It is an absurdity for the judge to say the ruling tests the boundaries of fair use. The ruling obliterated the rights of writers and other regular copyright holders in favor a multi-billion-dollar corporation.

Michael E. Strauss of the Reed Smith law firm gave this analysis of the court decision. He said,

“…the court held that Google’s Google Book database, despite clear commercial motivation and complete, unchanged and unauthorized copying, did not constitute infringement. The transformative nature of its database—mainly, the capabilities and restrictions associated with digital searches in Google Books—was fair use.”

The judge was apparently unaware that most content is held in digital form these days and there is nothing transformative about that. Even this blog post is in a database. Does that mean I can steal your intellectual property and claim Fair Use? Of course not.

The decision of the Second Circuit Court of Appeals devalued the rights of copyright holders. By bending the Fair Use doctrine to suit Google’s corporate goals, the court has essentially terminated our right to control who copies and uses our content and how they use it.

The Authors Guild Had a Balanced Approach

During the appeals, the Authors Guild wanted Congress to protect writers by creating a nonprofit like the American Society of Composers, Authors and Publishers (ASCAP) which protects music.

No matter how obscure a musical composition may be, or how it’s used, ASCAP collects royalties on behalf of the owner of the intellectual property or his or her heirs. The rights holder gets paid whenever the composition is used by others.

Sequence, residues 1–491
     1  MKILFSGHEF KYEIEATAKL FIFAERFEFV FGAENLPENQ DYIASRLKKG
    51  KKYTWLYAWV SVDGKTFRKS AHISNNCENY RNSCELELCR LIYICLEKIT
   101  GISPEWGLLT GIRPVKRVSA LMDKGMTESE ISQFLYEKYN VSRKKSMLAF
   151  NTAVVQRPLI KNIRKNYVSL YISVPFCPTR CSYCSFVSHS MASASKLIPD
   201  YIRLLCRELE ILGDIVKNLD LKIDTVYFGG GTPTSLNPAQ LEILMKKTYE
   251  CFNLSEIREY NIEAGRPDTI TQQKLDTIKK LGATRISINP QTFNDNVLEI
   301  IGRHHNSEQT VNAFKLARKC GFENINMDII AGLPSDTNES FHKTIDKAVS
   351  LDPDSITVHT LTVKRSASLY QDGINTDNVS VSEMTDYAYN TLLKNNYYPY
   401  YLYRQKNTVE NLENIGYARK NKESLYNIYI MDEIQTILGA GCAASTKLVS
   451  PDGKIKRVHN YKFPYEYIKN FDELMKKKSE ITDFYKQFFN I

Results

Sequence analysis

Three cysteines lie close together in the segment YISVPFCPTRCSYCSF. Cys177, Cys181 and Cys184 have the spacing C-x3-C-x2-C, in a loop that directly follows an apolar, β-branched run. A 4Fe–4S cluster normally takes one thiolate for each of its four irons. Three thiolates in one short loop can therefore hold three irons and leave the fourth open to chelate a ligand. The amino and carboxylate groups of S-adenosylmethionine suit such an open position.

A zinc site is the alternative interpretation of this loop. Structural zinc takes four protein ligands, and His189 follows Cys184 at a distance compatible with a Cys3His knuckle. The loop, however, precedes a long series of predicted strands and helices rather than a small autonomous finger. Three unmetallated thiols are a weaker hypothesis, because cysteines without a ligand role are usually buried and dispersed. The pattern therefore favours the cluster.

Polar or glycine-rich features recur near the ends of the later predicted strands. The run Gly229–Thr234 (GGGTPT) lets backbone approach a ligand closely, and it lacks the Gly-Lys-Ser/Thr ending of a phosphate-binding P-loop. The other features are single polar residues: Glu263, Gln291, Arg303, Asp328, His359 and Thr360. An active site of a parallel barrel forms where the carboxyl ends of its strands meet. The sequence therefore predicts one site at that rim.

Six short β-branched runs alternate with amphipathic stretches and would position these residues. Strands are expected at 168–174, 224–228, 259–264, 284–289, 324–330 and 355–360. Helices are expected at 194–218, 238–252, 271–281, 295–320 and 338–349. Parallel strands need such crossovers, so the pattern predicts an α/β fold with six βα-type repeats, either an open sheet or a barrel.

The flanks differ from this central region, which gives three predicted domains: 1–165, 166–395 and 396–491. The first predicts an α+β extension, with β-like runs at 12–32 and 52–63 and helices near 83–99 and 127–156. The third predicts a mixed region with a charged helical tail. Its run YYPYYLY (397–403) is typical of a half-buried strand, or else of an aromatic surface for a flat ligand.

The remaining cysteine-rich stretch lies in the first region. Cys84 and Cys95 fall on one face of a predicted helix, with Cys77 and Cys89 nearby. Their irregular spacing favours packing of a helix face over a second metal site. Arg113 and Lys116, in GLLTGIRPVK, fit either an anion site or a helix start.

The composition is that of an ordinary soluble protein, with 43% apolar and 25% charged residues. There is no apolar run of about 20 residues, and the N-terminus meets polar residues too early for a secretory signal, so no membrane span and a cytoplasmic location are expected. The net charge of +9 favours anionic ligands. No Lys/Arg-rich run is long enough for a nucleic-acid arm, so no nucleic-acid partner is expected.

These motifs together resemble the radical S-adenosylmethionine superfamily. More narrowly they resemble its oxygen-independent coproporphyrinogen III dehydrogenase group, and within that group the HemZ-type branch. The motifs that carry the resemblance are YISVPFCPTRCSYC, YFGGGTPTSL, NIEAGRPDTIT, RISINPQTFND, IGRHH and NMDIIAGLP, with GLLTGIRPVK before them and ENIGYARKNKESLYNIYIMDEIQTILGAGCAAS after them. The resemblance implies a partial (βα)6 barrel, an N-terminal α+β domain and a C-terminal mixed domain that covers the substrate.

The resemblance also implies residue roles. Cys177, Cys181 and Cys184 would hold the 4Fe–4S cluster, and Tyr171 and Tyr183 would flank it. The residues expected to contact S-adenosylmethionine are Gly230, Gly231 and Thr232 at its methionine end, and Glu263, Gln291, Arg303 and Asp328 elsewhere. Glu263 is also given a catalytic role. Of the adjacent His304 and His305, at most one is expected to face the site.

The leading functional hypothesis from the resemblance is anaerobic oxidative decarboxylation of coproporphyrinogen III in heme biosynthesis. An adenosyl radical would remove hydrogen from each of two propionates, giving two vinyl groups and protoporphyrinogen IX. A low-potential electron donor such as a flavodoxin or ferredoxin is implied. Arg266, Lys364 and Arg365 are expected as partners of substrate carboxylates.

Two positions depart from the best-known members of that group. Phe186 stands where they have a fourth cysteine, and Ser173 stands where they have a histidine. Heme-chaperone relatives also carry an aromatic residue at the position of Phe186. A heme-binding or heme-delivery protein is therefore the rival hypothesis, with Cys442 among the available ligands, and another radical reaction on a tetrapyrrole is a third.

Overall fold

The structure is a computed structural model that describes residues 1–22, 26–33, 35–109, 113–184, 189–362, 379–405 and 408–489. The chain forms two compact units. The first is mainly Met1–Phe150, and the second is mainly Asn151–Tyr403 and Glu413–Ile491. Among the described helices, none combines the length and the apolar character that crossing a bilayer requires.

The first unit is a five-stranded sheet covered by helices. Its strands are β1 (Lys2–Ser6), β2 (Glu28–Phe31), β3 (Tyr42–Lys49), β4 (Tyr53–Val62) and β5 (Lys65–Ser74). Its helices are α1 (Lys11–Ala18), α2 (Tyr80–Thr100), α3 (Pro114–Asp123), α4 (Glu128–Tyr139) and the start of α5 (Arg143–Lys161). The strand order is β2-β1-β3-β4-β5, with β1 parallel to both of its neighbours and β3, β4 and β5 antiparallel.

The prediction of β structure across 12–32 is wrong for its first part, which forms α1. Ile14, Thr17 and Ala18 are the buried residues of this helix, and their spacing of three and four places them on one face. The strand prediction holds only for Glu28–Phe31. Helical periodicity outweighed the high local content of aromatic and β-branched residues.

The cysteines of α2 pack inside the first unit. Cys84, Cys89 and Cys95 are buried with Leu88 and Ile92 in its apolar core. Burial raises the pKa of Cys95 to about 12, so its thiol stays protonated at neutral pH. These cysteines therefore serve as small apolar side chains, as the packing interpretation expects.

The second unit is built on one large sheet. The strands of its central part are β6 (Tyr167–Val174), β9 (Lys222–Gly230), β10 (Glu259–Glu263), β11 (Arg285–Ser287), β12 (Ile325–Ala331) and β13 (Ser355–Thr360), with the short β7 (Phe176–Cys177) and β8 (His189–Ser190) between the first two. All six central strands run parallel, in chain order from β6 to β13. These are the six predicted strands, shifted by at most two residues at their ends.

That solution would have been fair to all writers. Google didn’t like it because they would have to pay for the intellectual property they use.

Various compromises were reached, but they were either rejected by the Guild or Google, or the Court.

The Authors Guild ultimately took the issue to the U.S. Supreme Court. They wanted to overturn the Second Circuit Appeals decision.

In 2016, the Supreme Court refused to hear the Authors Guild’s petition. The Second Circuit Appeals decision stands.

A Moral and Economic Issue

This case shows that individual authors have little real intellectual rights protection. There are now many law cases that dilute the meaning of “Fair Use.”

Christian writers should be especially concerned by these kinds of intellectual property rights abuses. If major corporations had their way, they would have protection, but no one else would enjoy it. We saw that when the Public Domain laws, also beneficial for the creative community, were extended in 1998 to protect the Disney Mickey Mouse copyright. Nothing goes into the Public Domain after 1923 now because that’s when the Mouse was copyrighted.

Fair Use is important; we all benefit from it. If you are not acquainted with it, as it was initially formulated before recent court decisions diluted it, you can read it here. But when the interpretation of the law goes to the extreme, as in the Goggle case, then all content creators lose. We become nothing more than Google slaves.

Published Jan 2, 2017

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1 Response